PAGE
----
: . (2) The distance between point B.)-" G I "" "" i "" i :. t" : ....-. (Fig. 2. Point PG is the lowest point of the post-glenoid tubercle. where the most posterior twig of the temporal ramus of the facial nerve crosses the arch (Fig. and point Z. These three sets of measurements form part of a more extensive investigation which will be more fully reported elsewhere..:" .: . the lowest concavity of the bony external auditory canal. the most anterior concavity of the bony external auditory canal. There was no significant difference between sexes or sides for any measurements and therefore the data from all subjects were grouped.. All measurements were taken by one observer and the accuracy of observations checked against a second observer.A P P R O A C H TO THE T E M P O R O M A N D I B U L A R J O I N T AND M A L A R ARCH 93 In any surgery of this area it is important to know the location of the main trunk o f the facial nerve at its bifurcation and that of the most posterior twig of the temporal ramus of the facial nerve as it crosses the malar arch. . . 2).. ". Data for each measurement were grouped according to sex and side of the head and compared using the Student's t test. 2. ! :. (3) The distance between point P G (the lowest point of the post-glenoid tubercle) and point F.". ." ~..... Point F is the bifurcation of the main trunk of the facial nerve. //ii/[:::12""-. . .) For technical reasons.. :" . i . (1) The distance between point C. .. the point on the lateral surface of the malar arch midway between its upper and lower border.': . The following three sets of measurements were made.. the last two sets of measurements were only carried out in 20 facial halves. and point F.. 1).-':: FIG. .. The bony landmarks chosen were those which could easily be palpated through the skin or during dissection../. Point B is the lowest concavity of the bony external auditory canal. the point at which the facial nerve bifurcates into the temporofacial and cervicofacial divisions (Fig. ..

together with a knowledge of the above measurements.5 Distance (cm) Fla.4 1. at a b o u t 2 cm above the m a l a r arch.5 cm .4 OnOO0 i i i t i 2. t i i 2.7 1.8-3.4 2. Frequency histogram of the relation: a) The bifurcation of the facial nerve to the lowest concavity of the external auditory canal .8 i i i i i .5 cm Range: 0.0 Ho .7 2.5 1.8 2.8 i i ~ 3. this is a single.5 Distance Icm) FIO. b) The bifurcation of the facial nerve to the post-glenoid tubercle . the m e a n a n d the range o f each i n d i v i d u a l measurement.0 1. Results Measurements.1 2.3+0. 5 4 3 -~ 2 E z 1 BFEI PGF I I 1.4-3.2 2.2 3.CZ. Number of observations Mean Range BF 20 2.1 3.0 2. The m e a s u r e m e n t s CZ. They show the n u m b e r of observations. it divides into two layers.6 I . 4.BF. B F a n d P F G are expressed i n frequency histograms (Figs.0 3.4 3. f 1.2 2. Above. one o f which is attached to the lateral a n d the other to the medial cz [] 6 ~5 43E 0.2 1.3 2.5 2.6 2.6 2. thick layer attached to the entire extent o f the superior t e m p o r a l line.8 1. Number of observations: 54 Mean: 2. The temporal fascia.9 3.94 BRITISH JOURNAL OF ORAL SURGERY D u r i n g the dissections. formed the basis of a modified a p p r o a c h to the j o i n t a n d m a l a r arch which was then tried out o n cadavers a n d finally used successfully o n six sides i n five patients.0+0. 3.0+0. i 1.28 cm 1.31 cm 2. 3 & 4).8 cm PGF 20 3. Below. Frequency histogram of relations of the temporal branch of the facial nerve to the anterior concavity of the external auditory canal .9 2.5-2.8 2.5 cm.PGF. .3 3.0 3.6 1. the great i m p o r t a n c e of the detailed a n a t o m y of the t e m p o r a l fascia was recognised a n d this.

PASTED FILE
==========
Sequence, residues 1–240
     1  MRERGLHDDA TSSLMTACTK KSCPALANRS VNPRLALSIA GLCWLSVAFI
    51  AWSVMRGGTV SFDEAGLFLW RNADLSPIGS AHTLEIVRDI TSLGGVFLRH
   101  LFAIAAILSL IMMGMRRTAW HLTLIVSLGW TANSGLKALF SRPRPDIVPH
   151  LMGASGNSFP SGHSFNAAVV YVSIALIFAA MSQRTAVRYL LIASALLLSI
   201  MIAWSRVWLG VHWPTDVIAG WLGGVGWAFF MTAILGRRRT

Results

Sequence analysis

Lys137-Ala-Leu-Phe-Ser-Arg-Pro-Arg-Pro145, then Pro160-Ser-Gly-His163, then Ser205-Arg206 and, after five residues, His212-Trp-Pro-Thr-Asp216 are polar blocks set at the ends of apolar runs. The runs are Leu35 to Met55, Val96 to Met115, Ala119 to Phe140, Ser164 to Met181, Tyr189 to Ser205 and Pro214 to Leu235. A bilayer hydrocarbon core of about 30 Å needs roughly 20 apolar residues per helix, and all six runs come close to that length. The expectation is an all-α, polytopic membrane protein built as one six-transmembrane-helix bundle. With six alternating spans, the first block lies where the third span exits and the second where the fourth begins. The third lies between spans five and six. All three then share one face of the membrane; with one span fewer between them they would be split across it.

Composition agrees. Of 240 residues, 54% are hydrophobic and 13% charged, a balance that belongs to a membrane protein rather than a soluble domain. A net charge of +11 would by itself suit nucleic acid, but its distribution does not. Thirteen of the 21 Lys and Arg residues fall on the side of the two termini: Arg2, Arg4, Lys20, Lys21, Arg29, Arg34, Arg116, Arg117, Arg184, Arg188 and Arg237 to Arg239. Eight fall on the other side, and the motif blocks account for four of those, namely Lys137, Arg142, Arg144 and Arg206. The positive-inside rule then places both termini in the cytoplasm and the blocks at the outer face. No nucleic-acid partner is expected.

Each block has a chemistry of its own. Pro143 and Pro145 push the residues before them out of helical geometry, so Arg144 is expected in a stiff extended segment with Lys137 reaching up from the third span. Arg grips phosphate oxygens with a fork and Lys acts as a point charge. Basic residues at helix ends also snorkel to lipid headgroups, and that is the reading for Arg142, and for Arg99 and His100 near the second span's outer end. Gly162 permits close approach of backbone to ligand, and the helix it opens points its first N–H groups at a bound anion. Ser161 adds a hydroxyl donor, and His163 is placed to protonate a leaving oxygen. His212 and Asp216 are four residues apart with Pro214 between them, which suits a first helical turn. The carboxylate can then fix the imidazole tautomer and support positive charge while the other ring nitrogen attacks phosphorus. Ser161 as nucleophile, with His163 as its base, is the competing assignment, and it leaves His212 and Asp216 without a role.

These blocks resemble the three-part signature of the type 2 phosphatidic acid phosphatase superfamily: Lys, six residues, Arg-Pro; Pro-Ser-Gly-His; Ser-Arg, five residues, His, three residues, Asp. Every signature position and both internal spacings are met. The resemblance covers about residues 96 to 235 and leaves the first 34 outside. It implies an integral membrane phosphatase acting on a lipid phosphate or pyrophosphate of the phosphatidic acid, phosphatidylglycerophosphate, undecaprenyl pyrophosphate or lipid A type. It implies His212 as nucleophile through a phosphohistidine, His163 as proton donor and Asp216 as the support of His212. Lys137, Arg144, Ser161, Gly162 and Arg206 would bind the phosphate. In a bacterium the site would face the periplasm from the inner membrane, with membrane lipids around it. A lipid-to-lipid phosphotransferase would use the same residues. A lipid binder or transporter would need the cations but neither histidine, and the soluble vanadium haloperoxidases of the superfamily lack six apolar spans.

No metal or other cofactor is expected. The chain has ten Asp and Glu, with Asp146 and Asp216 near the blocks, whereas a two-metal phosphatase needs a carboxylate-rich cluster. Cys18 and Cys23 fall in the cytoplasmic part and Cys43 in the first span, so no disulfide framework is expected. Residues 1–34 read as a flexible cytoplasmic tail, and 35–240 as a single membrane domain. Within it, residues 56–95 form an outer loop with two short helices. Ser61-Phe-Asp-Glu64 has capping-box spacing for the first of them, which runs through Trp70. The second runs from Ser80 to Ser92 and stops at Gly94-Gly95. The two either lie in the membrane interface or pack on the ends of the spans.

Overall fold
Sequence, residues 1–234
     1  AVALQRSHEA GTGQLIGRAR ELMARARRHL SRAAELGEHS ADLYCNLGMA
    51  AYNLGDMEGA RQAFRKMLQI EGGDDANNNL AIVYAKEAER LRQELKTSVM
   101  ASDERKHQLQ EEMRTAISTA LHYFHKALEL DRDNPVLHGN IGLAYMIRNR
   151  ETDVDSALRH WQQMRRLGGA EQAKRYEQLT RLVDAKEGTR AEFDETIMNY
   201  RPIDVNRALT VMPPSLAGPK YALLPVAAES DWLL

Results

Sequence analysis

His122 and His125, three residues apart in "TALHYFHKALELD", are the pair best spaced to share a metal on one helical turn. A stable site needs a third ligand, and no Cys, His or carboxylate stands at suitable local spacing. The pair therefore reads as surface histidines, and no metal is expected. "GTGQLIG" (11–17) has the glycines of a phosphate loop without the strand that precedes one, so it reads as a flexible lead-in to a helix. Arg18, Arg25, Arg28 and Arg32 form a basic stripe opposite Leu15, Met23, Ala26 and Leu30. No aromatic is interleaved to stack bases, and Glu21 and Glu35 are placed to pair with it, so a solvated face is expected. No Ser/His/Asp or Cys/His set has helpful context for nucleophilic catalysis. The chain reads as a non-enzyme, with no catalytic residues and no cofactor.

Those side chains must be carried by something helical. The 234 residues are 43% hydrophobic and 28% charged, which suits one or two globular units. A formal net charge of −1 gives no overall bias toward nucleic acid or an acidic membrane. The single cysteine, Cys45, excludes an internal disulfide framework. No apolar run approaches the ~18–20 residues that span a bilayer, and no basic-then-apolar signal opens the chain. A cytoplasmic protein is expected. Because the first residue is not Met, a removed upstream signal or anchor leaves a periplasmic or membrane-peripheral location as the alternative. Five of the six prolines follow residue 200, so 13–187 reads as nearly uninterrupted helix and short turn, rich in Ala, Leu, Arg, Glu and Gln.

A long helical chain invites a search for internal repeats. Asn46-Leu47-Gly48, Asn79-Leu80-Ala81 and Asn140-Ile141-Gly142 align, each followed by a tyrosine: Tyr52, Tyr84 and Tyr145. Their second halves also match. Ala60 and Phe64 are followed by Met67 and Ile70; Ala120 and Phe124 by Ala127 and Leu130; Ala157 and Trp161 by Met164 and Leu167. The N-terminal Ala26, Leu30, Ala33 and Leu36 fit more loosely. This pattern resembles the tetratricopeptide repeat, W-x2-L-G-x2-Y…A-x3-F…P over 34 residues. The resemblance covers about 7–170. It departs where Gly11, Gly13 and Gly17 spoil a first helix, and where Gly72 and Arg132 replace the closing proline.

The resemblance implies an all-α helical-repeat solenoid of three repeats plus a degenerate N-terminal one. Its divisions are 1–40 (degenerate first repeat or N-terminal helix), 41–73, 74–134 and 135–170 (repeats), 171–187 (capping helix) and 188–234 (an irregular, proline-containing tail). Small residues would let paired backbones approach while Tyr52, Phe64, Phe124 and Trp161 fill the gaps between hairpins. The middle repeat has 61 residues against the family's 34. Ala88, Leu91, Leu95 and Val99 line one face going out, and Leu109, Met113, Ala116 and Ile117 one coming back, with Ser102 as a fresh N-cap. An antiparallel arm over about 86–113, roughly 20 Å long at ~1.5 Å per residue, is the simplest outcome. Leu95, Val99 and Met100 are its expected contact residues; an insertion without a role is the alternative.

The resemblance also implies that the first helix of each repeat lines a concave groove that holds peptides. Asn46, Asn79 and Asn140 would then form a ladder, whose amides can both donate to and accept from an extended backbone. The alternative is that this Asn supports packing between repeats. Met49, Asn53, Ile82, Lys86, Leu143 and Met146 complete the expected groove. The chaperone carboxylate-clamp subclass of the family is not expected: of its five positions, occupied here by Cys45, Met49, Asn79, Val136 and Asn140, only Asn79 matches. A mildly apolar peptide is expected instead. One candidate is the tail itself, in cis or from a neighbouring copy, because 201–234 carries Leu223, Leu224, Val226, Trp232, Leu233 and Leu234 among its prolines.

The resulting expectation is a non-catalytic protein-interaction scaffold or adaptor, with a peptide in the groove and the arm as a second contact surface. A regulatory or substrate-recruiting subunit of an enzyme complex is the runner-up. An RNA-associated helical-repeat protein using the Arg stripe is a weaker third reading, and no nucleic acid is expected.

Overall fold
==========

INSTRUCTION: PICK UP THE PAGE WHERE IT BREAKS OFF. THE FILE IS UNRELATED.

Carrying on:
The temporal and zygomatic branches of the facial nerve cross the malar arch and lie within this tough connective tissue representing the fusion of the three layers (Fig. 5. Temporal fascia. It is important to note that because o f the anterolateral course of the facial nerve. the periosteum not only firmly blends with the outer layer of the temporal fascia. aspect of the periosteum investing the malar arch (Fig. Superficial fascia. the zygomatic branch of the superficial temporal artery. As the temporal branch ascends in a supero-anterior direction. . The anatomical planes of the branches of the facial nerve. Fatty tissue between the two layers of temporal fascia. and the zygomatico-temporal branch of the maxillary nerve are contained between these two layers. The facial nerve forms a large plexus inside the parotid gland. A small quantity of fat. Arrows point to the joint capsule and the condylar neck. but also with the superficial fascia. In every case. together with the superficial temporal vessels and the auriculo-temporal nerve in the well defined superficial fascia of the temporal region. The relationship of the fascial layers to the malar arch. 5). they lie in the dense fibrous tissues described above. 2. 3.A P P R O A C H TO THE T E M P O R O M A N D I B U L A R J O I N T AND MALAR A R C H 95 Fro. As the nerves ascend to cross the malar arch. 4. 6). 5. Malar arch. 6. it was difficult to dissect out the nerves without some minor damage to them. 1. Medial layer of temporal fascia. the peripheral branches are located more superficially. At the level of the malar arch. it lies. Outer layer of temporal fascia.